With the second Fundamentals lecture series beginning on Thursday 25 January, Guardian architecture and design critic Olly Wainwright looks back at last year’s series and introduces the key themes for this year.
“I was delighted when Mel Dodd and Andreas Lang from the Spatial Practice Programme approached me to curate a series of events at CSM as I felt there was a huge appetite (and a big void) for public debate on architecture. There are plenty of architectural lectures in London – at the Architecture Foundation, RIBA, Soane Museum, etc – and many publications and online platforms where people espouse their opinions, but there are very few chances for a real live discussion, where opposing views can be aired frankly and passionately and the audience can truly participate.
Fundamentals was aimed at filling this gap, providing a forum for debate around the forces shaping our cities – the invisible networks of planning, funding and the economy that lie beneath architecture. For the first series I was determined to invite people at the coal-face of shaping the places that we live and work, but who explicitly weren’t architects – I thought it would be interesting to hear from the economists, planners, developers and consultants who operate in the wider context that is often absent from the myopic world of architecture education. The format was kept intentionally snappy, with speakers given just five minutes each to set out their stall, before a discussion and contributions from the audience. The debates covered the fundamentals of housing, planning, land, industry, public art and landscape, tackling the status quo and asking what could come next. The audience’s conclusion from most of the debates seemed to have been to go and work in the public sector, become a politician or start fomenting the next revolution.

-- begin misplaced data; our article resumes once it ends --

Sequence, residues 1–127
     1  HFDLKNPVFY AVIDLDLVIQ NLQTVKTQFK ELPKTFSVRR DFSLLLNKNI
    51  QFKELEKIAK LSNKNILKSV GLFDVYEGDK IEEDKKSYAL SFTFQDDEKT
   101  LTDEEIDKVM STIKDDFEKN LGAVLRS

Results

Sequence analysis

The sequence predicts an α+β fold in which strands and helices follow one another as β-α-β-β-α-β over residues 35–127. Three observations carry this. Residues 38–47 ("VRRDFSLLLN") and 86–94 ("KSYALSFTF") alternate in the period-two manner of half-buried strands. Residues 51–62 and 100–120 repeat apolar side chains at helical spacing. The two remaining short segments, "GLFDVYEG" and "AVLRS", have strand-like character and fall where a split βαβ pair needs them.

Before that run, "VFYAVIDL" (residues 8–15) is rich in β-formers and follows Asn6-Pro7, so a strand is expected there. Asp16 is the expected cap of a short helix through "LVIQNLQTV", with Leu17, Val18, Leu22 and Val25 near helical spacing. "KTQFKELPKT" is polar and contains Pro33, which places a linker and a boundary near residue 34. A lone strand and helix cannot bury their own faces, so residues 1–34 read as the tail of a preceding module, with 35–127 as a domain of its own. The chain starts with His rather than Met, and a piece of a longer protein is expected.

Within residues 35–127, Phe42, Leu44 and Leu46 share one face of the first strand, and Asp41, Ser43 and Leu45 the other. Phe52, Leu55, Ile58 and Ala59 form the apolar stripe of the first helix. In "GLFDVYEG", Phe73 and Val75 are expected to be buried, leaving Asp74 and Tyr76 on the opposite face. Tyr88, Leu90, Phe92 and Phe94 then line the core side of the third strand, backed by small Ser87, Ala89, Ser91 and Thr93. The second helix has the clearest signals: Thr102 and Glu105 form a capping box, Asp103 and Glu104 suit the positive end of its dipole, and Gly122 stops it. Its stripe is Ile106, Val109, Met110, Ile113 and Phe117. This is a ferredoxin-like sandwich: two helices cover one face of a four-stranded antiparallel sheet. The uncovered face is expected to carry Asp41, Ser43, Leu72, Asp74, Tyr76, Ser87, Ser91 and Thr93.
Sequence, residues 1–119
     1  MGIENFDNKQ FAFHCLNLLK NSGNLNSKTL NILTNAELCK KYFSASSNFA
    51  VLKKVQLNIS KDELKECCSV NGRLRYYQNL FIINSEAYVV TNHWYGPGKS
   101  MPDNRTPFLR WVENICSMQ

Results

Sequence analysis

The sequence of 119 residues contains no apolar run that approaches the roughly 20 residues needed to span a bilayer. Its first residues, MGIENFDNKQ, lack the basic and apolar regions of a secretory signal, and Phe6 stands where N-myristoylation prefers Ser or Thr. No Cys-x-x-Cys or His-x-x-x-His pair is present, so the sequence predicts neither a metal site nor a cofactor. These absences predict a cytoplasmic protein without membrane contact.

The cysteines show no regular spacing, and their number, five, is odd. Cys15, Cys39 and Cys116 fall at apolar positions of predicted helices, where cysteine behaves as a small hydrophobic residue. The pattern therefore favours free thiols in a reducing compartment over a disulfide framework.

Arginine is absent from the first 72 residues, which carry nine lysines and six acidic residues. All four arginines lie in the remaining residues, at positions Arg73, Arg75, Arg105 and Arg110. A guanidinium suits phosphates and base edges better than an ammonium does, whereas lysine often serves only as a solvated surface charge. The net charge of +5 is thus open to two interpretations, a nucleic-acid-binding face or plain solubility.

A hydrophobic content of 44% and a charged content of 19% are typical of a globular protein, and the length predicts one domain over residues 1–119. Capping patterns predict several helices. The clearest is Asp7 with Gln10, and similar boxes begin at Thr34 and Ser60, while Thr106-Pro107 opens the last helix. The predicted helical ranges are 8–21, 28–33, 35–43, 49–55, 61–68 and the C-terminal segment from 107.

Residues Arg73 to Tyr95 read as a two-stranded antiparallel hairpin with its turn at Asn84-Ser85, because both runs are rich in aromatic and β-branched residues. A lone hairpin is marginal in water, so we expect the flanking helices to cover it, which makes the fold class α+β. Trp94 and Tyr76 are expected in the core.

Having begun by looking outwards, this year’s Fundamentals series focuses the spotlight on the profession of architecture, taking a long hard look in the mirror to tackle The Way We Work – from training, to labour practices, to how projects are procured. The provocative premise is that architectural education is in crisis, staggering on as an overlong, overpriced indulgence with a tenuous grip on reality. Meanwhile, architectural practice only survives by running an exploited labour force of overworked, underpaid, precariously employed staff, fuelling an industry devoid of the power it once had. Ultimately, the best projects often go to the worst practices, with risk-averse procurement systems leading to work being awarded to global conglomerates and safe pairs of hands. The architectural profession is broken at every level – how can we start to fix it?”